Topping off my summer-long Corben celebration, I’ve just completed reading CREEPY PRESENTS RICHARD CORBEN. This is a gorgeous and hefty tome that collects all of Corben’s work from the classic CREEPY and EERIE horror magazines. The gruesome tales presented here come from a prolific period that spanned 1970 to 1982.

Not only can you see the evolution of a great master in these tales, you can also literally see Corben re-defining what color comics could look like. This was well before computer coloring came along, and Corben blew the minds of comics readers in a way that the Beatles’ SGT. PEPPERS must have blown away music fans a few years earlier.

The tales themselves are solid horror gems, with the flavors of high fantasy and science fiction recurring throughout. In black-and-white, or in color, Corben is a force to be reckoned with, even in this early phase of his career. CREEPY and EERIE were the only places that stories of this nature could be printed for many years. Coming out of the 60s, when the magazines mainly featured takes on traditional horror tropes like vampires, werewolves, ghosts, and zombies, these 70s tales often stretched the boundaries of comics storytelling in interesting new ways.

The 70s was a time when comics writers were beginning to weave social commentary and socio-political themes into their comics. Nowhere is this more evident in these tales by Corben and his many collaborators. There are some really nice pieces written by Jan Strnad and Bruce Jones, as well as several names that are less well known.

This collection is intended to showcase Richard Corben’s work from the period, but it ends up being pretty close to something like a BEST OF CREEPY & EERIE. The reason being that Corben was on the cutting edge of the medium, both artistically and thematically.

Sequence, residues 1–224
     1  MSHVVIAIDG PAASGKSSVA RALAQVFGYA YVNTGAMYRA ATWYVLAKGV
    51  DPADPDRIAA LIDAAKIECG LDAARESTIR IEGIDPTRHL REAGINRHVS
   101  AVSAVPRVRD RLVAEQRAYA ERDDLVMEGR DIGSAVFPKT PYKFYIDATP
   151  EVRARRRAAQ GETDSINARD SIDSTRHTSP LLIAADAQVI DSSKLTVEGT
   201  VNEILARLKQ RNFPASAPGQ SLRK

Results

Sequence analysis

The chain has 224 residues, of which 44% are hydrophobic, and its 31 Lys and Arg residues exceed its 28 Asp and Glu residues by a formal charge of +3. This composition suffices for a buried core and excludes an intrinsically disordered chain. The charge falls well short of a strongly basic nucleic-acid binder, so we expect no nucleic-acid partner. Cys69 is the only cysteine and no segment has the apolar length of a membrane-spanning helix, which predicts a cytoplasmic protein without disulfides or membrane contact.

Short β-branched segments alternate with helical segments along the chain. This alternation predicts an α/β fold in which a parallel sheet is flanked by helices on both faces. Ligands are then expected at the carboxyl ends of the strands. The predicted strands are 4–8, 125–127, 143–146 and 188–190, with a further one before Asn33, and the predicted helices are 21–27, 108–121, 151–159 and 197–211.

Out of all these great tales, I think my favorite is “The Hero Within,” where a young boy locked in a basement by his abusive foster-parent escapes into a world of fantasy by focusing on a weird stone he finds there. The story has an amazing fantasy sequence that must have truly amazed readers back in the 70s, and it reminds me of Corben’s own DEN somewhat. The “hero” battles giant lizards, roams a weird wasteland, and rescues a damsel in distress, only to be returned to his own brutal reality for a decidedly unhappy ending.

The horror stories of this era pulled no punches; at times I was shocked by the sheer grimness of certain tales. But there is also a lot of the famous CREEPY/EERIE dark humor here. All in all, the hardcore horror and dark humor are balanced well, and Corben’s amazing artwork makes it all look incredible.

It’s nice that CREEPY has released this collection of Corben works because otherwise all these great stories would be scattered over twelve years’ worth of archive volumes. If you’re thinking of checking out any of the CREEPY or EERIE archives (which I high recommend), then CREEPY PRESENTS RICHARD CORBEN is a great way to “sample” some of the very best that these legendary books had to offer.

You can’t go wrong with Corben.